The attacks on monuments to the Confederacy and its leaders continued this week – even extending to a Los Angeles cemetery.
Under pressure, the Long Beach Chapter of the United Daughters of the Confederacy removed Wednesday a six-foot granite monument to Confederate veterans from the Hollywood Forever Cemetery in Los Angeles, The Los Angeles Times reported. The monument has sat in the Confederate section of the cemetery since 1925.
“It was thought that it would become impossible for us to maintain an atmosphere of tranquility, harmony and inclusion for all of our families and all of our visitors with the monument present here,” cemetery spokesman Theodore Hovey told the newspapers.
The granite marker was emblazoned with three Confederate flags and two crosses. It also featured these words: “In memory of the soldiers of the Confederate States Army who have died or may die on the Pacific Coast,” and “Lord God of hosts, be with us yet, lest we forget — lest we forget.”
“I don’t think a lot of people were aware of its presence,” Hovey said of the monument. A vandal wrote the word “no” in black on the monument on Tuesday.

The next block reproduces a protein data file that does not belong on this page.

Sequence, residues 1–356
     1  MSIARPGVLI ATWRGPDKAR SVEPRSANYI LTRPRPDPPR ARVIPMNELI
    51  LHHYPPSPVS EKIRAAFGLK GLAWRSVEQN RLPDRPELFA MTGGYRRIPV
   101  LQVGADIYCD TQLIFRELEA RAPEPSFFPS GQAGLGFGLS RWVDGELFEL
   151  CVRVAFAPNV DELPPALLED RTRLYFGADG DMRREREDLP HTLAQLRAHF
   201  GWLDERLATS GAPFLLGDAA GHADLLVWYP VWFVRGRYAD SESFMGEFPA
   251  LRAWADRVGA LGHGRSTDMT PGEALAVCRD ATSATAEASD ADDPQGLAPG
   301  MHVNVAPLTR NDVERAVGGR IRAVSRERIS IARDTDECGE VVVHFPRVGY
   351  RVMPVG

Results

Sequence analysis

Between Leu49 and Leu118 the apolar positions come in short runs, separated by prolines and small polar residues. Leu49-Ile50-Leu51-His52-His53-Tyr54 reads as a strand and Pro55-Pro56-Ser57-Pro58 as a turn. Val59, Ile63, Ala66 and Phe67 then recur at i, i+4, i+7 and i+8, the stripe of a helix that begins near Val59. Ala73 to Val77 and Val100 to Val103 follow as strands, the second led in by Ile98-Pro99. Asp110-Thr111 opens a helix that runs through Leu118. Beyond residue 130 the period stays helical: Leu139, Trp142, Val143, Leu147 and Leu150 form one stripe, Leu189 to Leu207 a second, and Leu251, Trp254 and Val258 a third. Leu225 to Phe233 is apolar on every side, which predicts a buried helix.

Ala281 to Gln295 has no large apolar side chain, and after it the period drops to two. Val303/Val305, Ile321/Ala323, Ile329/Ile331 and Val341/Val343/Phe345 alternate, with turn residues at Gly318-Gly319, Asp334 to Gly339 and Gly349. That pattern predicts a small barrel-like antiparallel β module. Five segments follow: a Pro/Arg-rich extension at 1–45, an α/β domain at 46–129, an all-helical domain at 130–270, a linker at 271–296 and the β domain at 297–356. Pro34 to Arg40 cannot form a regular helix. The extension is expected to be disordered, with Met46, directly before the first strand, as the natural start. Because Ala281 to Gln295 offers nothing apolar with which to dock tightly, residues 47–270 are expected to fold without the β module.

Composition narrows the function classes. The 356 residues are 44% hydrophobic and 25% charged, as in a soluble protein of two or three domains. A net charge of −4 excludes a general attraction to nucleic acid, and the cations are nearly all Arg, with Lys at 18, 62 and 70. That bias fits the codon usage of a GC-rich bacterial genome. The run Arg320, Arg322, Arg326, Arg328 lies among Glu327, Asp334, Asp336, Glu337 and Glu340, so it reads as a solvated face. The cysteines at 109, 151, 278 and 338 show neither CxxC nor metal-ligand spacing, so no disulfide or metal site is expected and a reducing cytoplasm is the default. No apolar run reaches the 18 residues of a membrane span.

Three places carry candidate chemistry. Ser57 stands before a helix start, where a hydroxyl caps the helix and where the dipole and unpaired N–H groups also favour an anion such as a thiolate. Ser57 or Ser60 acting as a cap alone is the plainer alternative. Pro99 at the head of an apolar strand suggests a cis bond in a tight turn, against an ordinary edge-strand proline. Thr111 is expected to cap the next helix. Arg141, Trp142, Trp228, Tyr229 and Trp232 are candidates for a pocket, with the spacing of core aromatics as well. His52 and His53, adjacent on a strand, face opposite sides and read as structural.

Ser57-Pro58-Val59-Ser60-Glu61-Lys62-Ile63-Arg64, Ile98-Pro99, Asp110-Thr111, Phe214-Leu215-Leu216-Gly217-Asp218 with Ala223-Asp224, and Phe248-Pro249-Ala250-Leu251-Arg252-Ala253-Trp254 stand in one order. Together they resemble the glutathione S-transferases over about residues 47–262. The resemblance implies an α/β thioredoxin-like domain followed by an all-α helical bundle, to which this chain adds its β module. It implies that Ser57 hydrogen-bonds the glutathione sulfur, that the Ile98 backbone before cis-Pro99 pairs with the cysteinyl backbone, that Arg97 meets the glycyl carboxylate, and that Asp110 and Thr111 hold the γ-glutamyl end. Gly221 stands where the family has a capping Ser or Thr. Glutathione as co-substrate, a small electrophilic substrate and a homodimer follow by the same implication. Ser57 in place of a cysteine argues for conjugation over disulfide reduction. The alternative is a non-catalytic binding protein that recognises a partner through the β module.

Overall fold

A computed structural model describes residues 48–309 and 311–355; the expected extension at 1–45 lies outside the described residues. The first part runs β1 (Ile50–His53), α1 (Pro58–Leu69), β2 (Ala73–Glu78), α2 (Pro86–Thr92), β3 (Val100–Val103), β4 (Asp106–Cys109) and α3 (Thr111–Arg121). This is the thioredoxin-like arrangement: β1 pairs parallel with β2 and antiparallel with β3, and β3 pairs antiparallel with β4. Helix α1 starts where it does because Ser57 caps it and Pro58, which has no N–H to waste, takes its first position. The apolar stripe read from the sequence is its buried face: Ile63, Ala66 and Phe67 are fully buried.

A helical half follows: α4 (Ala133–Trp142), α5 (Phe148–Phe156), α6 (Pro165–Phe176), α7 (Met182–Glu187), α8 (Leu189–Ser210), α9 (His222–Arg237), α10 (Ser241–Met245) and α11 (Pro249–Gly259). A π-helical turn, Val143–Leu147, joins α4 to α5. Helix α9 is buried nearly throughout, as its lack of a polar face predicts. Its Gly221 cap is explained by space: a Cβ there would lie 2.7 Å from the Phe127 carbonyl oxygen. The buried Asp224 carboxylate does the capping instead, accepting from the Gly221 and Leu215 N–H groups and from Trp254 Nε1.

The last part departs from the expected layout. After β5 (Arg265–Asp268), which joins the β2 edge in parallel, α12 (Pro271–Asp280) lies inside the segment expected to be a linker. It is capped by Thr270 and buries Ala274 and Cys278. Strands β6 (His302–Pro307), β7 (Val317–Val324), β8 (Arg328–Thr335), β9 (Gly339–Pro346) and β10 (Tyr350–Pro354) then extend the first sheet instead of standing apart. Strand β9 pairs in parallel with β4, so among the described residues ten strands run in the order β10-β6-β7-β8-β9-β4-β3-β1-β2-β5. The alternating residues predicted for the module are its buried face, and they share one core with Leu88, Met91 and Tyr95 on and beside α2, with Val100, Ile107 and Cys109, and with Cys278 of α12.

‘Small Taste of Justice’
Earlier this week in in Durham, N.C., a mob pulled down a statue of a Confederate soldier. Video shows protesters putting a rope around the statue’s neck, pulling it off a pedestal and spitting on the statue’s remains.
“Today we got a small taste of justice,” protester Jose Ramos told CBS North Carolina.
The statue had stood in front of the Old County Courthouse since 1924 and was engraved with the words “The Confederate States of America” and “In Memory of the Boys Who Wore The Gray.”
It Needs to Be Removed
Police are now filing vandalism charges against some of the protesters identified through the video, The Hill reported.
The protest was apparently organized by leftist radicals on social media.
“It needs to be removed,” Loan Tran told the media. “These Confederate statues in Durham, in North Carolina, all across the country.”
Baltimore Mayor Catherine Pugh ordered the removal of all statues dedicated to Confederate heroes Monday night, The New York Times reported. A crane and a work crew escorted by a contingent of polices started pulling down the statues in the dead of night.
“The mayor has the right to protect her city,” Pugh said. “For me, the statues represented pain, and not only did I want to protect my city from any more of that pain, I also wanted to protect my city from any of the violence that was occurring around the nation. We don’t need that in Baltimore.”
One group of Confederate monuments that will not be going anywhere: 10 statues in the U.S. capitol. There are no plans to remove the statues, which include one of Robert E. Lee, Politico reported.
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